Animal Inside Out
Natural History Museum
6 April - 16 September 2012
As a stubborn and resistant teenager, I remember the Natural History Museum on a obligatory school trip to be tormentingly dull. Sure, there’s some nice models of animals and casual taxidermy, but with a friend that wouldn’t allow me to take her near the dinosaur exhibition, I was trapped in a textbook of boredom, lacking inspiration.
This exhibition, however, blew all others out of the water. With over 100 plastinated animals, and some interesting views of their inners, this is one of the most original educational exhibitions I have ever seen. I longed to be the child there, staring at the wonder of plastinated capillaries and elephants inside-out. Although, I’m not entirely sure I would have been able to stomach it.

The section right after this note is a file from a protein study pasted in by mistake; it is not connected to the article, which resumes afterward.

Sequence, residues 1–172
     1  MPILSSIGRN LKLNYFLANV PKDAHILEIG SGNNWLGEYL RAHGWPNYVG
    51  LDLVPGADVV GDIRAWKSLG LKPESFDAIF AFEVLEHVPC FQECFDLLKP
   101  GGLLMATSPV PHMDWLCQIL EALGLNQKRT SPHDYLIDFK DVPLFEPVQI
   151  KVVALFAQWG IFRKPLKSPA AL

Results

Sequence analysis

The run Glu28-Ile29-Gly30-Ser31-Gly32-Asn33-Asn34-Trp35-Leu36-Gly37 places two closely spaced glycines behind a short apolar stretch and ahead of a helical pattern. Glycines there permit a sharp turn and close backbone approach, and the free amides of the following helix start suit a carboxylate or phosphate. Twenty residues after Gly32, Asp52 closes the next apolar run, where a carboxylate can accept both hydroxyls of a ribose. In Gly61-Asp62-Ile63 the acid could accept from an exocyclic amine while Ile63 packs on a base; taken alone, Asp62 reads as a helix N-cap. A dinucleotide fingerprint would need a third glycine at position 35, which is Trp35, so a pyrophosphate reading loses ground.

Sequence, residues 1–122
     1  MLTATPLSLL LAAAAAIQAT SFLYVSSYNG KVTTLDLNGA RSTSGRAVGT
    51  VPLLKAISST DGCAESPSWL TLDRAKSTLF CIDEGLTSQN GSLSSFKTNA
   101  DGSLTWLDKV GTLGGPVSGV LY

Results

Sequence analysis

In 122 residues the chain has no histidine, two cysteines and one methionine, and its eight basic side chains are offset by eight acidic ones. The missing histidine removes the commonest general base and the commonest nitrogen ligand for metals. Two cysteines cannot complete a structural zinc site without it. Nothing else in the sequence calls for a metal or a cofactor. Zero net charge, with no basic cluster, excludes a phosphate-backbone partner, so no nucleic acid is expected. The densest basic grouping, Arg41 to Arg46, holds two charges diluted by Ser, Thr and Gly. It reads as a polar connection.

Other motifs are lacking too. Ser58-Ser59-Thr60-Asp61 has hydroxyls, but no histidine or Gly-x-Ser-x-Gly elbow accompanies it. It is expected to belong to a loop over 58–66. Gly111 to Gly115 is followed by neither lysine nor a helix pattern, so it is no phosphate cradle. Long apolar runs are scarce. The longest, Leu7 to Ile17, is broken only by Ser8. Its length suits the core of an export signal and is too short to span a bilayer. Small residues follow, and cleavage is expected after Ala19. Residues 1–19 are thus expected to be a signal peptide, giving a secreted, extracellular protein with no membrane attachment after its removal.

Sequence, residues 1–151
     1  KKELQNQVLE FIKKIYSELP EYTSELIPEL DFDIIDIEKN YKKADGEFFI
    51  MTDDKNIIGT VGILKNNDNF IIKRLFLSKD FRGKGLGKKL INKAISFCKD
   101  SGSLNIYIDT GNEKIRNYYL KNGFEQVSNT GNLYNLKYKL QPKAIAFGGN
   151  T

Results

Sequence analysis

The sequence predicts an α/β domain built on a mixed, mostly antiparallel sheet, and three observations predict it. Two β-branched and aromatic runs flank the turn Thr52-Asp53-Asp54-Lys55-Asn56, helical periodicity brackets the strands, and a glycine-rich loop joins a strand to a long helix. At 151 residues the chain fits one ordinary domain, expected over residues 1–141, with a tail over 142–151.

Gunter von Hagens created the process of plastinating animals (and humans). He injects plastic into the blood stream of a corpse, and dissolves the body in acid, leaving an intricate web of capillaries where the plastic has set. It is the most beautiful sight and despite its rather sinister side, where several dead animals are used for each piece, it is a true wonder.
Gunter appeared on a Channel 4 documentary called Crucifixion, which used the process within humans to create a Jesus on the cross. Taking you through his process and his thinking in making such a controversial sculpture, it was a gripping programme. I imagine that the final piece was incredible.
If you like gore, the Hunterian Museum at The Royal College of Surgeons on Kingsway is definately worth a visit, although not if you’re pregnant. John Hunter had an unhealthy obsession with embryos in jars, although there is some fascinating stuff in there. It’s amazing what formaldehyde can preserve.